Doping of semiconductor crystals with transition metal ions can create materials with improved optical, magnetic and thermal properties. These could potentially replace conventional semiconductors in optical devices. However, as the size and shape of the crystals as well as the dopant need to be controlled to optimise the desired properties, their preparation can prove difficult. The addition of Cu ions to ZnSe nanocrystals is of interest due to their emission properties, but the large difference in structure between CuxSe and ZnSe makes retaining the shape after doping, problematic.
A new paper shows how doping of ZnSe crystals with Cu ions can be achieved under mild reaction conditions, obtaining ultrathin nanorods. This is achieved by preparing ZnSe nanorods then adsorbing Cu ions onto the surface and finally growing a thin shell of ZnSe on top, as shown in the figure below. The process, termed growth-doping, maintains the shape of the rods during the doping process. The optical properties of the 1% Cu doped rods give a quantum yield of 7% and the emission is retained for weeks in air, suggesting it may have potential for use in optical devices.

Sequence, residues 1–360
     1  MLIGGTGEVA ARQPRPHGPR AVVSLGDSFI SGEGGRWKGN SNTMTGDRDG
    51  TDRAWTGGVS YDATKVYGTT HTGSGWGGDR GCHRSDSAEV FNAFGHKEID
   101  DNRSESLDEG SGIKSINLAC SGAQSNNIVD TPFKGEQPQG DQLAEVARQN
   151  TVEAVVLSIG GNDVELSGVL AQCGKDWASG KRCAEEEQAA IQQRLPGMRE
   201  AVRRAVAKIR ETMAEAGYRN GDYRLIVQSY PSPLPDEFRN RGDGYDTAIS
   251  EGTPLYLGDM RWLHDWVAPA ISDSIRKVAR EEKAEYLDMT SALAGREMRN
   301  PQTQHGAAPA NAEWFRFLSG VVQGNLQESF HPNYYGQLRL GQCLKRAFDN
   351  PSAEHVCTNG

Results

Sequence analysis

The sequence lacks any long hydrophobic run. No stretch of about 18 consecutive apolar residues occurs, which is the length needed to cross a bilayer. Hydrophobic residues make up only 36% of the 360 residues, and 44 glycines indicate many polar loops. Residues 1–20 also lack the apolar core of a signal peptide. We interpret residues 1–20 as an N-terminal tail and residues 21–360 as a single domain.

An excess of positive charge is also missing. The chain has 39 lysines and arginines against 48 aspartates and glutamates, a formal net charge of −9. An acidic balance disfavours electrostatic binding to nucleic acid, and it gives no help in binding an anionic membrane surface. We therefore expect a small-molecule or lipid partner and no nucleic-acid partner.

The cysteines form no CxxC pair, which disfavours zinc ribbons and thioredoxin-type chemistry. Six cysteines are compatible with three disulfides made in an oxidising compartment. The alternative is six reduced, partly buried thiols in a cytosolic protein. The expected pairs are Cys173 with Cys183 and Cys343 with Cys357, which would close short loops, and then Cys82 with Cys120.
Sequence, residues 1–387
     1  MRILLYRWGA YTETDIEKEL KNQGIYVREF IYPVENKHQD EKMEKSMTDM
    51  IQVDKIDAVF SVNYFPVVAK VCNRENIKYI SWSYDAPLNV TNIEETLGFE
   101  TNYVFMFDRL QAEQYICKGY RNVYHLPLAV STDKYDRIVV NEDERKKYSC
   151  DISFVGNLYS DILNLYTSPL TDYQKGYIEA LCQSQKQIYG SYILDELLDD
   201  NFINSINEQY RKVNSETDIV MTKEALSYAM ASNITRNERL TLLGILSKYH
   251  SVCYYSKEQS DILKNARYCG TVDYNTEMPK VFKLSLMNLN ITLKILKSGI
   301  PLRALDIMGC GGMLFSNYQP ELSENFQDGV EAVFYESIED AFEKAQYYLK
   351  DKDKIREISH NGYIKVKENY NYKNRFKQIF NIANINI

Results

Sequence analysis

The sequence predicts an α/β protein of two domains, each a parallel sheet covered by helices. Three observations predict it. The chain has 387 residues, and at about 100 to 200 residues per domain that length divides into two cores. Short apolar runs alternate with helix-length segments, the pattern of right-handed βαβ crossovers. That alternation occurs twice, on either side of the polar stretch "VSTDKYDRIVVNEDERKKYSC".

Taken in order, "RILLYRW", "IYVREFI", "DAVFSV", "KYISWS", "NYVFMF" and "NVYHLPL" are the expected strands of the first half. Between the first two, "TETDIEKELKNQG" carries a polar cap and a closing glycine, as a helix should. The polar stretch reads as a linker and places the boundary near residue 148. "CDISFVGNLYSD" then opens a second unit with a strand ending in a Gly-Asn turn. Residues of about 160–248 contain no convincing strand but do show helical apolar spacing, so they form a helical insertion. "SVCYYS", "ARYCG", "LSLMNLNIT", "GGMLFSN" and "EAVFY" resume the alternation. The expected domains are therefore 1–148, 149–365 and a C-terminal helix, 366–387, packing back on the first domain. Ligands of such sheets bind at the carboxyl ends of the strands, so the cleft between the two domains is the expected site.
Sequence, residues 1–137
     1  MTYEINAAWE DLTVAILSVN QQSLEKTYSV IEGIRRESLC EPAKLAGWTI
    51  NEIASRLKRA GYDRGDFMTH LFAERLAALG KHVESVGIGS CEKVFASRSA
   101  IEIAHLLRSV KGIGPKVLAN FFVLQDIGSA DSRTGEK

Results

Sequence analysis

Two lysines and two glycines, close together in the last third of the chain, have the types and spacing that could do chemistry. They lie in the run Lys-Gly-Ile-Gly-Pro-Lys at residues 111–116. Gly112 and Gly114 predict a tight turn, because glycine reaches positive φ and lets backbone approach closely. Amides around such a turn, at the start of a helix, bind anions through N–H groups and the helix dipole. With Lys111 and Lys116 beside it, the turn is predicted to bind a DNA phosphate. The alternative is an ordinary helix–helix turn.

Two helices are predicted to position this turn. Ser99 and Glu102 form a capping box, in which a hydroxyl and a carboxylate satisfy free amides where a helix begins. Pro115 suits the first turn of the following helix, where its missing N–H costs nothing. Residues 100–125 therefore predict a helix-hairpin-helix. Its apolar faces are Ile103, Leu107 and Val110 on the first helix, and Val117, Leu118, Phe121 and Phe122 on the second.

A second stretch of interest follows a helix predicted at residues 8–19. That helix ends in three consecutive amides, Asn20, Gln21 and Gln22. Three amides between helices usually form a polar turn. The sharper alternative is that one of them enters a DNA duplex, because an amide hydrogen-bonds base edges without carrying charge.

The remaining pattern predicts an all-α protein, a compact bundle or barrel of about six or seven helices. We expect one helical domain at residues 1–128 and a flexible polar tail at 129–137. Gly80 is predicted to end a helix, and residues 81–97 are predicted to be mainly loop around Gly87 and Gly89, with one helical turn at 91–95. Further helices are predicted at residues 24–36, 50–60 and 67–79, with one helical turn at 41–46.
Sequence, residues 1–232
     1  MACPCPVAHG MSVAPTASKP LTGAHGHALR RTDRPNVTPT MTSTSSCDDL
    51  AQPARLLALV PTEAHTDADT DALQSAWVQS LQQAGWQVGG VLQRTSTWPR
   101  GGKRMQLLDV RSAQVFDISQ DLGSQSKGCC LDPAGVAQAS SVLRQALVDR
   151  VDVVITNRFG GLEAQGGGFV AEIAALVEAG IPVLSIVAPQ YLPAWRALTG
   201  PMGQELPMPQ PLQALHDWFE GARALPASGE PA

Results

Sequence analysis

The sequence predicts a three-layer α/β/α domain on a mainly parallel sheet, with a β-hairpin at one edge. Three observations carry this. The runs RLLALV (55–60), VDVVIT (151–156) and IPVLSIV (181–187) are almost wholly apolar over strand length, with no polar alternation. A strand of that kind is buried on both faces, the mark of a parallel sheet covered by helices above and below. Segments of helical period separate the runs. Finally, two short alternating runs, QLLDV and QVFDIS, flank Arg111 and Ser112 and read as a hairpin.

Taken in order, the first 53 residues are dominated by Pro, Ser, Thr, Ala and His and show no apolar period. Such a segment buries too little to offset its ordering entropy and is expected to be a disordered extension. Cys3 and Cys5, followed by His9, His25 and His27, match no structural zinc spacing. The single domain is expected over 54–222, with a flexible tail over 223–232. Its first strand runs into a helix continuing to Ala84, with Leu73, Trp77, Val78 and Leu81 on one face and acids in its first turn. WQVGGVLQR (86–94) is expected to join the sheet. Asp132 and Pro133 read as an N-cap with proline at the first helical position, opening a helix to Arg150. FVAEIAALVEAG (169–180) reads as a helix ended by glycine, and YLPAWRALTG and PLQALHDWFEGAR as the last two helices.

For more information see the paper:
Facile synthesis and optical properties of ultrathin Cu-doped ZnSe nanorods
Shufang Kou, Tingting Yao, Xiaofeng Xu, Rui Zhu, Qing Zhao and Jian Yang
CrystEngComm, 2013, Advance Article
Gwenda Kyd has a PhD in metallocarborane chemistry from the University of Edinburgh. Other research work includes the spectroscopic study of the structure of glasses and organometallic electron-transfer reactions and the preparation of new inorganic phosphors. Currently she is writing a book on chemicals from plants.